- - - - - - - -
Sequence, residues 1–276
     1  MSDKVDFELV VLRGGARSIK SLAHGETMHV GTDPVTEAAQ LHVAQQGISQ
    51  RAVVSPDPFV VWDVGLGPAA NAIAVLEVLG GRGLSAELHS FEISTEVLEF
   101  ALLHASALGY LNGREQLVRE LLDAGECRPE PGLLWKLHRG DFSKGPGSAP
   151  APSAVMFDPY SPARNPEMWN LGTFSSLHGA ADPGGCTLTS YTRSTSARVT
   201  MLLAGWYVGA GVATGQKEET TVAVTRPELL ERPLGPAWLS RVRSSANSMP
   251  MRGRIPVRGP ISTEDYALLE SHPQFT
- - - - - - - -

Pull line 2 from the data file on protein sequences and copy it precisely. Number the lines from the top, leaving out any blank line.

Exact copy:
     1  MSDKVDFELV VLRGGARSIK SLAHGETMHV GTDPVTEAAQ LHVAQQGISQ